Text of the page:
Tuesday, June 11, 2019



JUST WHEN IT seemed like things couldn't get worse for Huawei, reports have emerged that the company may soon not be able to sell phones with the world’s most popular social networks. Facebook will reportedly no longer allow the Chinese telecom giant to preinstall Facebook, WhatsApp, and Instagram apps on its devices.
According to Reuters, if you already have a Huawei phone you should be able to continue receiving updates to Facebook-owned apps. The change will only affect new phones. Facebook and Huawei did not respond to requests for comment.
Facebook's decision is the latest fallout from the US government's decision last month to add Huawei to a list of companies that, due to national security concerns, must get permission to buy US-made technology, including software. US companies are now refusing to sell microchips and other components to Huawei. Google has revoked licenses for Huawei to install its software, such as the Google Play app store and Gmail, on its phones.
Huawei, the second-largest maker of smartphones worldwide according to IDC, is still allowed to use the freely available, open source version of the Android operating system on its new phones. Users of those phones should still be able to access Facebook through the web and install WhatsApp by downloading the app directly from the WhatsApp website. Installers for other apps, such as Facebook Messenger and Instagram, are also available from third parties on the web. But without official support from companies like Google and Facebook, it's possible that some apps might not work as expected.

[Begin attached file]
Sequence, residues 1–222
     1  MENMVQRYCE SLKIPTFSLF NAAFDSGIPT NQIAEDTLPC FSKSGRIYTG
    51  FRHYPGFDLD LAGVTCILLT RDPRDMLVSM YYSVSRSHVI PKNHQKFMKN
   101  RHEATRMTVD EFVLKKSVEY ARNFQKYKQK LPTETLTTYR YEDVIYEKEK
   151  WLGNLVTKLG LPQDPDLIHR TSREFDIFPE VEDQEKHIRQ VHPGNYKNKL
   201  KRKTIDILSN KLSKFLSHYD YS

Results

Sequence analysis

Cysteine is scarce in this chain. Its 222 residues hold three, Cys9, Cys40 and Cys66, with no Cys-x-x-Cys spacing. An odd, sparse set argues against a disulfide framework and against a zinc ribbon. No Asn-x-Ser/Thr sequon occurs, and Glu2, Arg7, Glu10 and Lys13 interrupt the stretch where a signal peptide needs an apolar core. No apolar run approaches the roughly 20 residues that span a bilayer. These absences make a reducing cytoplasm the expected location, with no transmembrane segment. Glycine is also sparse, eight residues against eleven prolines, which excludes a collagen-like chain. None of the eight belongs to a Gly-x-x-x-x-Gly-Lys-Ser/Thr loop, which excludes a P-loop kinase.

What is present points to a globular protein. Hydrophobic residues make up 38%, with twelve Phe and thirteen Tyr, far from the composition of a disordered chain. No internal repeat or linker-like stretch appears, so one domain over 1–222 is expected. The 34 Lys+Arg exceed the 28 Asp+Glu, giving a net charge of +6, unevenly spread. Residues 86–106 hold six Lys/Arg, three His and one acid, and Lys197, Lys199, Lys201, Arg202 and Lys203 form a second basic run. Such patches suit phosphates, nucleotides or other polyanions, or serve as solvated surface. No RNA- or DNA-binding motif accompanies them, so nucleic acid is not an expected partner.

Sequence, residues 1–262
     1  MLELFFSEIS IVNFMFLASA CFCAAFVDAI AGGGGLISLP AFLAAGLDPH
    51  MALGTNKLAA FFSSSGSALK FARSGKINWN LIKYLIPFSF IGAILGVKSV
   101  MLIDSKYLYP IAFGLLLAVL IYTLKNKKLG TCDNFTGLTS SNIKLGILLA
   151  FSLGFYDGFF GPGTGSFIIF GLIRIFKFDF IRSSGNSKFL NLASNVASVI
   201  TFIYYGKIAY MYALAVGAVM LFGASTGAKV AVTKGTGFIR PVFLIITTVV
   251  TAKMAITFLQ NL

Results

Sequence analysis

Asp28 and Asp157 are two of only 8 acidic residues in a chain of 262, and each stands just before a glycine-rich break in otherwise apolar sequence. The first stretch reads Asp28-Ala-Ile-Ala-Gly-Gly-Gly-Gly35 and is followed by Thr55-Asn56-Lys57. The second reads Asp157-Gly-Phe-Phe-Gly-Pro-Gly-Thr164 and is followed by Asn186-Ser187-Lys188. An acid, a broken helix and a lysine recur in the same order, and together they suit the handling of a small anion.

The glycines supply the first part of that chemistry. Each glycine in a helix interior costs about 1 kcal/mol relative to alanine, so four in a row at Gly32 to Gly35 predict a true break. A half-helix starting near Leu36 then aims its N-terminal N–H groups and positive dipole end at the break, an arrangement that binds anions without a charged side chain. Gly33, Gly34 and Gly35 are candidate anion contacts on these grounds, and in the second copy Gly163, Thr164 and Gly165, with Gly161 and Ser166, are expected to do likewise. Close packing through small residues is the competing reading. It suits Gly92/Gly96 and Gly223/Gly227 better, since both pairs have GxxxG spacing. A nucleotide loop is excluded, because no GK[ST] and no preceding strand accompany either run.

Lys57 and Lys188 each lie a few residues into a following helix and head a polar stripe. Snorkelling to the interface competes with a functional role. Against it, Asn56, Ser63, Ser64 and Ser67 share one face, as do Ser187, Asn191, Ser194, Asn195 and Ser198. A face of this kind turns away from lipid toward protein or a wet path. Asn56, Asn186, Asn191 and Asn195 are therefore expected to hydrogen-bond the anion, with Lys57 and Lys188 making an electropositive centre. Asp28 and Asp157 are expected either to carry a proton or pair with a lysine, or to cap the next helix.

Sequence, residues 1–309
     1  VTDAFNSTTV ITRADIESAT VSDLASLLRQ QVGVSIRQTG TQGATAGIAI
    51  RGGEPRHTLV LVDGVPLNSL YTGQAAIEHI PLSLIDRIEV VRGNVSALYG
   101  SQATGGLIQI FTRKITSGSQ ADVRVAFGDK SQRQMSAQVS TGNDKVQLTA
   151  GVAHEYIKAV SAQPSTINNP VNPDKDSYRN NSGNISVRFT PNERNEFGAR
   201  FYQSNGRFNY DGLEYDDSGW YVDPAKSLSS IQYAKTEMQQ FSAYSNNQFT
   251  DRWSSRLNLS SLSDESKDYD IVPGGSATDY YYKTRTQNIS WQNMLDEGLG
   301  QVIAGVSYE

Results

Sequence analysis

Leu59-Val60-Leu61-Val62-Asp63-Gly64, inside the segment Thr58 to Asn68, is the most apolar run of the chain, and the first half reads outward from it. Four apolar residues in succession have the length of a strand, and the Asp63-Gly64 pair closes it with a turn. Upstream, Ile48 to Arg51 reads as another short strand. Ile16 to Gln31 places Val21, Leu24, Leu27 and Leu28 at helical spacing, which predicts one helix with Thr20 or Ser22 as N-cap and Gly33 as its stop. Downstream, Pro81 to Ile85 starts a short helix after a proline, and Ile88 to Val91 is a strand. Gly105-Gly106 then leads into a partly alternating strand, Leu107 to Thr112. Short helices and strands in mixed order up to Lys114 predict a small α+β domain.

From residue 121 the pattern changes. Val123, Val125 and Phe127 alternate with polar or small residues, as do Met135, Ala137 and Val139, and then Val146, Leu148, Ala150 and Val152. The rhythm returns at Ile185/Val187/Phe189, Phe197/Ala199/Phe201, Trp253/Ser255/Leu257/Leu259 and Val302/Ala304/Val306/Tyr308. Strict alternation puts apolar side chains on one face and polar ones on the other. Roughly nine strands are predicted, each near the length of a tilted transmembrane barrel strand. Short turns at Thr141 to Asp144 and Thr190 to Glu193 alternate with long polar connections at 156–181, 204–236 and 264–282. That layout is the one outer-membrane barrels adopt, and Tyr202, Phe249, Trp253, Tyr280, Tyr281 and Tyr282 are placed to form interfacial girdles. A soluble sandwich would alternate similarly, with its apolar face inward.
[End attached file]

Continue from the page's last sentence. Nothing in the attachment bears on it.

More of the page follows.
In China, where Facebook and Google are banned and alternatives like the search engine Baidu and the messaging app WeChat dominate, that might not be a big deal. But for users in other countries, such as Europe, the lack of popular US-owned applications could make Huawei phones less attractive.
The US has long worried that Huawei could use its telecom equipment to spy for the Chinese government. Huawei denies that it has ever, or would ever, spy on its customers and is suing the US government over a law banning government agencies from doing business with companies that use technology from Huawei and ZTE. Huawei has also argued that Chinese law does not require it to spy for the Chinese government, though legal scholars aren't convincedby the company’s logic.
Some non-US companies, including UK chipmaker Arm, are cutting ties with Huawei because some of their technology is developed in the US. Analysts say the company has stockpiles of chips, and Huawei founder Ren Zhengfei said in a media statement last month that it will be able to make its own chips to replace those of US chipmakers. Indeed, the US sanctions give Chinese companies all the more reason to stop relying on foreign-made technologies. But it could take years for Huawei and other Chinese companies to divorce themselves from US suppliers.

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